Yellow Vests Movement Takes Over Paris

3 mins read

By Juliette Gaggini ’20

Paris, France, often referred to as the City of Love, has been faced with a tremendous controversy the past few weeks beginning with the raise of fuel prices in mid-November. The people’s movement, which has since turned into a political movement, has taken on the name mouvement des gilets jaunes, translated in English to the yellow vests movement. The name comes from the symbolic high-visibility yellow vests worn by protestors in the streets of Paris during the protests. Protesters blame French President Emmanuel Macron for the political upheaval due to the price of diesel, which has increased by nearly 20 percent, since the beginning of the year, and his most recent policy which plans to increase the taxes on fuel.

President Macron did give in to the protestors a bit in early December, when he released that he was not going to follow through with his planned fuel tax increase for January. However, despite the outcry of objection from the people against raising gas prices, President Macron has remained confident in his decision, expressing that he feels it is a necessary step in protecting the environment.

Protestors responded to President Macron’s interest in preserving the environment by arguing that he is out of touch with the  people and doesn’t understand their struggles due to his privilege. This series of protests, beginning in November, has been the culmination of this ongoing feeling for many in Paris, growing since the inauguration of President Macron in May of 2017. Although it may seem that this protest could be ended by President Macron listening to the wishes of the people, the majority of the protestors will not settle until resignation of current President Macron.

Disapproval with the recent gas changes can be seen all across France, but the heart of the protests lies in Paris. Demonstrators have begun picking up speed, with new measures of road blocking, violent attacks on police officers and graffiti on major monuments, such as the Arc de Triomphe. Photos have gone viral of graffiti in the streets, one of the most viral reading “la crise climatique est une guerre contre les pauvres,” which means “the climate crisis is a war against the poor.” When looking at the motivation of the graffiti, it is a direct response and opinion of the people specifically against President Macron, asking for his resignation from the presidency.

President Macron is most commonly targeted for his disconnect with the people. Some protestors have expressed a belief that his detachment is so strong that he has traits that resemble that of former French King, Louis the XVI, the last King before the fall of the French monarchy.

“Macron=Louis 16” was spray painted on the Paris Garnier Opera House in early December. Demonstrators also held signs saying that May 14, 2017, the day that President Macron was inaugurated, signified the restoration of the French monarchy. He’s viewed as overly privileged and is said to often make decisions without consideration for the average working family, which are attributes of Louis the XVI, who resided in the extravagant Palace of Versailles and crippled the French economy for the average citizen.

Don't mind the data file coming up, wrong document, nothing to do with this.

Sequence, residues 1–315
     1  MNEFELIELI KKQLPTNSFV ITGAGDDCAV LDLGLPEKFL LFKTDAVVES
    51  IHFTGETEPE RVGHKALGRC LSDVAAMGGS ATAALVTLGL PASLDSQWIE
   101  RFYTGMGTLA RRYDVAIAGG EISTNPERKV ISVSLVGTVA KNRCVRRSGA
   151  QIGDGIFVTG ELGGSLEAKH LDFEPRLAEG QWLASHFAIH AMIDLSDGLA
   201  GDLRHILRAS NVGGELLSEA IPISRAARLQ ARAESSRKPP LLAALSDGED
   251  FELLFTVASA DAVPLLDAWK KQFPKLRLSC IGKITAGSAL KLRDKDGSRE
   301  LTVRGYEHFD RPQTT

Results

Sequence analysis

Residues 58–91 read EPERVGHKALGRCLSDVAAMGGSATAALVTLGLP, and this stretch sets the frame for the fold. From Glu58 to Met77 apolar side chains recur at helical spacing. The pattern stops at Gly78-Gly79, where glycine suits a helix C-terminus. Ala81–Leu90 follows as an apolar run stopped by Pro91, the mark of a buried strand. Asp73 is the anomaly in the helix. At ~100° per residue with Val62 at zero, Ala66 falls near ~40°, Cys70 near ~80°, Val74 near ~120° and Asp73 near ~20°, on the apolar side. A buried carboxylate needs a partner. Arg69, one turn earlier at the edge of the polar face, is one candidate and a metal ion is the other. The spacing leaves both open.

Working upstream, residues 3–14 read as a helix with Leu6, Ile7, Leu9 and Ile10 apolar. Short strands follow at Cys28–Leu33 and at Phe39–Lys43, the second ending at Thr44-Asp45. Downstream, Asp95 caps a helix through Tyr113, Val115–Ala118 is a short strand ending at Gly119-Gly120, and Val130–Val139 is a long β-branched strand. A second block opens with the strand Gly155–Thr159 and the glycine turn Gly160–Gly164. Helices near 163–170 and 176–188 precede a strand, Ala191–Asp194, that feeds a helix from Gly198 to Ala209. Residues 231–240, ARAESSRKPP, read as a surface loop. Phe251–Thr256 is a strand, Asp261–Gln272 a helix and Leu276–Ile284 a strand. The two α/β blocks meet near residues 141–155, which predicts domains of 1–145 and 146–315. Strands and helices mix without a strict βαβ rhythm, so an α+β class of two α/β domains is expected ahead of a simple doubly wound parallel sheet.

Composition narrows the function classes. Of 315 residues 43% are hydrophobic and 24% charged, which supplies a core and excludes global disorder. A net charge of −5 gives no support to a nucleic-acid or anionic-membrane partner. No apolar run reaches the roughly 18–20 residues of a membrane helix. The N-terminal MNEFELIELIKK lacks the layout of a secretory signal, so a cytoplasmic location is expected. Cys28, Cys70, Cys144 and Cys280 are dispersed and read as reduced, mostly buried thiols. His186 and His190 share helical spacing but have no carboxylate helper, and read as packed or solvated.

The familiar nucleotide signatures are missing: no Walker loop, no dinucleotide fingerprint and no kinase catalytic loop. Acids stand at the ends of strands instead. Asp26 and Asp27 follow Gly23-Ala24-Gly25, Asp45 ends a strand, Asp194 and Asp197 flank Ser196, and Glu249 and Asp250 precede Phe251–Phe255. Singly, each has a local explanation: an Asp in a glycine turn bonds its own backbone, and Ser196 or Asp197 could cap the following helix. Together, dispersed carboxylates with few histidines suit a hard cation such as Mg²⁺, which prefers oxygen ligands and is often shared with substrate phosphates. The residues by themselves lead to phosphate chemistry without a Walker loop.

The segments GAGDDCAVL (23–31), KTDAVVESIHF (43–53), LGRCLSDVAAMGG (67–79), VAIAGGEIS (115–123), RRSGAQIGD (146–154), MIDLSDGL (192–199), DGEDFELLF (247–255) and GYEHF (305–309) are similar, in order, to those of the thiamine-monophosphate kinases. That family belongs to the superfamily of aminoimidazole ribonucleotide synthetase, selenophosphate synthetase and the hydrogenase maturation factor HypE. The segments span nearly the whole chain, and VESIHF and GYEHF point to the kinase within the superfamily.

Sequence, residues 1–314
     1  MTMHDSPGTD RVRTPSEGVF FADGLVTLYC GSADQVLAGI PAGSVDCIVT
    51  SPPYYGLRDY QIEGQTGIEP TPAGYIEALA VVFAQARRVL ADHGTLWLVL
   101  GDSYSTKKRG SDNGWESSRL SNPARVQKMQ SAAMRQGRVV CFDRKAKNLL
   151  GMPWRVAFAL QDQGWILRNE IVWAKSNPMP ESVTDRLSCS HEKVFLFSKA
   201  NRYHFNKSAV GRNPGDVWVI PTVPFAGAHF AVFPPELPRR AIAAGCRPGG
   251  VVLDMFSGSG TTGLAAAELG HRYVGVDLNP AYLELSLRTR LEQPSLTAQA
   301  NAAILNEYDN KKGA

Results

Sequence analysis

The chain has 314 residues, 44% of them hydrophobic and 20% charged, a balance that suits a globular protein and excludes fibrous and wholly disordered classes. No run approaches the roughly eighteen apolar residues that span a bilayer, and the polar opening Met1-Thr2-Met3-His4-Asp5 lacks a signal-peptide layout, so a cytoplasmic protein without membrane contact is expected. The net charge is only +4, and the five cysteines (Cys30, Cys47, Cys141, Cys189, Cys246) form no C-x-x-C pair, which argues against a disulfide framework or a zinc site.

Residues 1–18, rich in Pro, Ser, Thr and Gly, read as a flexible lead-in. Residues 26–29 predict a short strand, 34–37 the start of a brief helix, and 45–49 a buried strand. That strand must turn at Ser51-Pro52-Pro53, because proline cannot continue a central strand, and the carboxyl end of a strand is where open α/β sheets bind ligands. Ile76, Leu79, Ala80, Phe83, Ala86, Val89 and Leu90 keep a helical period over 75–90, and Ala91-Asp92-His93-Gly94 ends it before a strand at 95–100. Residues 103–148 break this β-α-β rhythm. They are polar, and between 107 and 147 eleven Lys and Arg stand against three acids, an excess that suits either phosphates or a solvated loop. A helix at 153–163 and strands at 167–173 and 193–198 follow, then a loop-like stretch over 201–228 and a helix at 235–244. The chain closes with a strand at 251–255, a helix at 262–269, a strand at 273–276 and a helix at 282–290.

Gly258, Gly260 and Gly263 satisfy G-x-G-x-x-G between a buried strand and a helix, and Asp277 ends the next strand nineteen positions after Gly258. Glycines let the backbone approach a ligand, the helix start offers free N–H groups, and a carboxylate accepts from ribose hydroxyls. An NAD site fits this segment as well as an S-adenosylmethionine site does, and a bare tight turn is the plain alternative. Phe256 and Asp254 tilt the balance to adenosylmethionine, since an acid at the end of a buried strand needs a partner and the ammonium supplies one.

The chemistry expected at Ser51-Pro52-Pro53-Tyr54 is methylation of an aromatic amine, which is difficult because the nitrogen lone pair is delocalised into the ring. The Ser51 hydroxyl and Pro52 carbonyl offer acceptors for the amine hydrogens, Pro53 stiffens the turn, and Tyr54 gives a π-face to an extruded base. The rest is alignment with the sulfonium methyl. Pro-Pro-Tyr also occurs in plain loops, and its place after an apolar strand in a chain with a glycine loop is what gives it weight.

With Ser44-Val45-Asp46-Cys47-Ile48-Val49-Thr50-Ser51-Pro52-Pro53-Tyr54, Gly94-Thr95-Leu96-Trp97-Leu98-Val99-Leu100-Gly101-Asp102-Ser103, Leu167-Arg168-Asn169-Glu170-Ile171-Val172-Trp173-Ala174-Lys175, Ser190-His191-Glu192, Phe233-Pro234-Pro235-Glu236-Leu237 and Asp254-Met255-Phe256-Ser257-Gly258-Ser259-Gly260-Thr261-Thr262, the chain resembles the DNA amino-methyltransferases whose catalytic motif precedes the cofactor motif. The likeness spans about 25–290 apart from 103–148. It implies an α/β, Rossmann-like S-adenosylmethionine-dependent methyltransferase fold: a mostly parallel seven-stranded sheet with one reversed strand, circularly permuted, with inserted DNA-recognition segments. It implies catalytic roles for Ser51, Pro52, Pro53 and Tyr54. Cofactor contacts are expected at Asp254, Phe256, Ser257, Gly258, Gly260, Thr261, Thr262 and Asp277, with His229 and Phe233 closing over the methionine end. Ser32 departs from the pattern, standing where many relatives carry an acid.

Aside from the city center of Paris, another large portion of the anger in the country comes from small rural towns. Many people residing in these areas are reliant on their cars, and have become especially frustrated with the rising gas taxes and diesel prices directly resulting from President Macron’s policies. With little public transportation in such areas, dissatisfaction with President Macron and his recent changes is growing, as this sentiment of his detachment from the French citizen grows.

In December, demonstrators began getting aggressive with violent attacks on police officers, prompting police fighting back. A video of an officer taking out his gun against the yellow vests was captured by a local journalist which depicted protestors throwing various objects at the officers who were blocking the street, and pushing them off of their motorcycles. It was only after another officer drew his gun that the attackers backed away momentarily, but when he put it away to leave the scene, all three officers on duty were instantly attacked again.

In other video clips, officers are seen tear gassing the crowds, which has only made the people more upset. These protests that were meant to be peaceful and productive have become violent mob scenes across Paris, which has prompted the whole country and global community to tune in to the issues at hand.

These protests have hugely impacted the people of France thus far. Those in disagreement with these new laws will not be giving up anytime soon, despite the frightening number of people affected by the violence during protests. Hundreds of people have been arrested since the start of the protests, and dozens have been killed while demonstrating. This movement is important to all those affected by the raising taxes, but there seems to be no simple answer on how to solve the issues at hand despite President Macron seeking a common ground with his people.

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